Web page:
The zesty blend of Latin musical theatre, stand-up and dance will serve as the highlight event for the College’s celebration of Hispanic Heritage Month and will occur in the Mainstage Theatre at 8:00 p.m.
“Owens Community College is proud to celebrate the many achievements and contributions of Hispanic-Americans who, throughout history, have done so much to make America what it is today," said Betty Valentine, Owens Director of Employee Relations and Diversity.
“The 'Sofrito!' performance will give area residents a chance to see some of the true living legends of Latin music, dance and storytelling right here at Owens. I encourage area residents to engage themselves in the College's various events surrounding Hispanic Heritage Month and participate in the celebration of Latino culture.”
“Sofrito!” combines the funny, funky and physical storytelling of González with the music of the legendary Larry Harlow, one of Afro-Cuban music’s most celebrated composers, and the world-renown Latin Legends Band. The show’s performance brought unique storytelling and sound to Broadway theatre and enjoyed a long and storied sold-out run at The New Victory Theatre, which is regarded as one of New York City's premiere theatres for family entertainment.
González is regarded as one of the most prominent Latin storytelling talents today and has been showcased worldwide in such venues as the Royal National Theater in London, the Lincoln Center for the Performing Arts in New York City and the Smithsonian in Washington, D.C.
The recipient of the Helen Hayes Performing Artist of the Year Award,
González’s poetry has been featured on various television and radio shows, including Bill Moyers’ “Fooling with Words” on PBS and NPR’s “All Things Considered.”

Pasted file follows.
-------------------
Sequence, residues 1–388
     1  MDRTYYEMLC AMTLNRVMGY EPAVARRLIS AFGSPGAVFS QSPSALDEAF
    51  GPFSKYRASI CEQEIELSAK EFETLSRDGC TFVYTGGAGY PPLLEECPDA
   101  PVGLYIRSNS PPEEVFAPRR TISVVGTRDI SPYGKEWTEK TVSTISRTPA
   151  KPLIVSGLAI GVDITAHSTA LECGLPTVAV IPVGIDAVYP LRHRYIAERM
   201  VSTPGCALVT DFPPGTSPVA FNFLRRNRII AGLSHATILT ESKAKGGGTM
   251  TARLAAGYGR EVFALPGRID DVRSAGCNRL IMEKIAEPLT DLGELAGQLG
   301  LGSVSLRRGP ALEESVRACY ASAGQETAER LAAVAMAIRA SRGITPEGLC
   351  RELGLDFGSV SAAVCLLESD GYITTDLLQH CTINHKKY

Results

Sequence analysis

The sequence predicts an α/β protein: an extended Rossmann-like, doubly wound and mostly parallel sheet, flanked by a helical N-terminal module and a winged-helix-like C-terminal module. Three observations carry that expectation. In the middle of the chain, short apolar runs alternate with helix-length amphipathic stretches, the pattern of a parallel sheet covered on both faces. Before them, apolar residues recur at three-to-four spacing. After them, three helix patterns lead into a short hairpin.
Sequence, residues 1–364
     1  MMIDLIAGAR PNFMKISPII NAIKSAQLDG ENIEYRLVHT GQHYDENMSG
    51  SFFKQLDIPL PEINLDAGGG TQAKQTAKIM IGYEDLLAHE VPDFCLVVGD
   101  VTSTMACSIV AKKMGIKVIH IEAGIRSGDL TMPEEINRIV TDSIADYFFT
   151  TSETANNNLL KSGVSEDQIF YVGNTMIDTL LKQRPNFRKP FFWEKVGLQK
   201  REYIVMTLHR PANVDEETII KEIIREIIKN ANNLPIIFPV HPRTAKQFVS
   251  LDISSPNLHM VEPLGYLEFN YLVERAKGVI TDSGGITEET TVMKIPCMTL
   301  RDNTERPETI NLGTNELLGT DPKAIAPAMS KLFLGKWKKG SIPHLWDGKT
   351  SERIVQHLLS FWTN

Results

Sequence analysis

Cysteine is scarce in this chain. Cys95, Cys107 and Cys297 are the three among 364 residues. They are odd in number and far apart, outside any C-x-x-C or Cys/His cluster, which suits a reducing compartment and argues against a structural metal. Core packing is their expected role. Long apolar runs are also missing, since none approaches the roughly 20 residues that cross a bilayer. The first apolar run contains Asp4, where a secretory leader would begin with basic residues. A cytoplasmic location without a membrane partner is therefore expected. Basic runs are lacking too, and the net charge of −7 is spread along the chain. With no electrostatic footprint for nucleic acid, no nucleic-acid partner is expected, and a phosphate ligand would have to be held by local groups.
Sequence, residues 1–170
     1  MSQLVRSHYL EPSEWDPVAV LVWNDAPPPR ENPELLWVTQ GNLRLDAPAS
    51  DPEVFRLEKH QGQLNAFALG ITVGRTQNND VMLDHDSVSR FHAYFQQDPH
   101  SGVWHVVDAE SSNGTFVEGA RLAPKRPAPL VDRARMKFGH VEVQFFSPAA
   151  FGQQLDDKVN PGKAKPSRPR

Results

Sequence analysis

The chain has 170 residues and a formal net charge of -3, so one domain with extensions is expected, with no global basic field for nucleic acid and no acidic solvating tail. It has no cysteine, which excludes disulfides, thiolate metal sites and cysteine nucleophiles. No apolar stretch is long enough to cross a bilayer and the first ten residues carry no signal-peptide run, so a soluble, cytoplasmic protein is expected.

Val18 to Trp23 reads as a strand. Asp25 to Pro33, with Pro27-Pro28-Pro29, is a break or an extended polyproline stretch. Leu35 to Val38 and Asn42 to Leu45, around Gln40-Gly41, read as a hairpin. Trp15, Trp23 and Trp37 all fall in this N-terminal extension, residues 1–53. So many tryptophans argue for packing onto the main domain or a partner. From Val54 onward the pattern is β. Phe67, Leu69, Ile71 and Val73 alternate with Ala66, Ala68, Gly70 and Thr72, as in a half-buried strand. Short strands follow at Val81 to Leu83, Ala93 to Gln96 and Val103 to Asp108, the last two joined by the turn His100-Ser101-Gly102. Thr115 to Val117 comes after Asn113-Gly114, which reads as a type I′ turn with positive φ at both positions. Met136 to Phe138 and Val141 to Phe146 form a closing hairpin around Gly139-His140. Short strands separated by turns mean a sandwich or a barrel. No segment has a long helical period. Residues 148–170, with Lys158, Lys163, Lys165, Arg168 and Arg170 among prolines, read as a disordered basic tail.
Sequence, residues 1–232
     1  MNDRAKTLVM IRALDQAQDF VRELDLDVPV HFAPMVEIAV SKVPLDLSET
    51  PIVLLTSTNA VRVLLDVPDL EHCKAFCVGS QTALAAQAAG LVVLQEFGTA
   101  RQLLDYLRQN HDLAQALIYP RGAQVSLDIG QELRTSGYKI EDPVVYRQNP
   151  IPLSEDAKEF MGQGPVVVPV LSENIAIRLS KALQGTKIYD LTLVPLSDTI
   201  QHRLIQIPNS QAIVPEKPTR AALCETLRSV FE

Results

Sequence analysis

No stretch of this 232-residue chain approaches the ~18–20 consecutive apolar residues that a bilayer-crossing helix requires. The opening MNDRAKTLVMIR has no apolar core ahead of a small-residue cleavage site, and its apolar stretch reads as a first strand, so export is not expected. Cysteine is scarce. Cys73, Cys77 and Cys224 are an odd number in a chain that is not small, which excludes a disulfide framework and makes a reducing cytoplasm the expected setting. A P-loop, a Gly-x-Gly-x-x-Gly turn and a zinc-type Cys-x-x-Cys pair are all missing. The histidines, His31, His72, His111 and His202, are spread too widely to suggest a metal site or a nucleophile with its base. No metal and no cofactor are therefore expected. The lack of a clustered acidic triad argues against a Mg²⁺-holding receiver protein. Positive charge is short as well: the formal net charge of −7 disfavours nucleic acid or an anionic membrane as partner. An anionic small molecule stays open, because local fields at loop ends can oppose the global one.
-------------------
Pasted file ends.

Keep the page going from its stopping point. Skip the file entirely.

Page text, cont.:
A classically-trained pianist, Harlow who has made over 30 albums during his career. He has received numerous honors for his musical knowledge and talents, including Record World and Billboard awards in the categories of Latin Producer of the Year, Pianist of the Year, Arranger of the Year, Concert of the Year, and Salsa Orchestra of the Year.
In 1977, Harlow composed the music for “Sofrito!” and is joined on the Latin Legends Band by Adalberto Santiago, who is often referred to as the “Pavarotti of Salsa” because of his rich sonorous voice, and Yomo Toro, whose talent with the cuatro, a small guitar-like instrument, has earned him the nickname “The Puerto Rican Jimi Hendrix.
Additional HHM activities occurring at Owens include: a Latino-American Luncheon on Tuesday, Oct. 10. Authentic food from the Latino-American culture will serve as the theme for a Terrace View Café luncheon. The cuisine will be prepared and served by Owens students within Hotel, Restaurant, Institution Technologies and held in the College's Terrace View Café at 11:30 a.m. Latino music and cultural information will accompany the luncheon. Reservations must be made prior to the event.
Owens’ libraries on the Toledo-area and Findlay-area campuses will also display a variety of Hispanic-American heritage and cultural artifacts, as well as feature a selection of books and audio/visual materials related to HHM.
Tickets for “Sofrito!” are $25 for the public, $23 for senior citizens and Owens employees, and $12 for students. To purchase tickets visit www.stagetix.com or contact the College's Box Office. For more information about the event, contact the Center for Fine and Performing Arts at (567) 661-2787 or 1-800-GO-OWENS, Ext. ARTS (2787).
The public is invited to test its knowledge of Latino history as the Owens offers a free
HHM online trivia contest. Individuals who answer all questions correctly will be entered into a drawing for free tickets to “Sofrito!” The trivia contest is available by accessing the Owens’ website at www.owens.edu.
According to Owens, it continues to serve as a leader in providing Latinos access to higher education throughout Northwest Ohio. For this semester, 815 Latinos are pursuing an Owens education on the Toledo-area and Findlay-area campuses. The College has nearly doubled its Latino enrollment since 1996. Ten years ago only 453 Latinos students were enrolled during the fall term.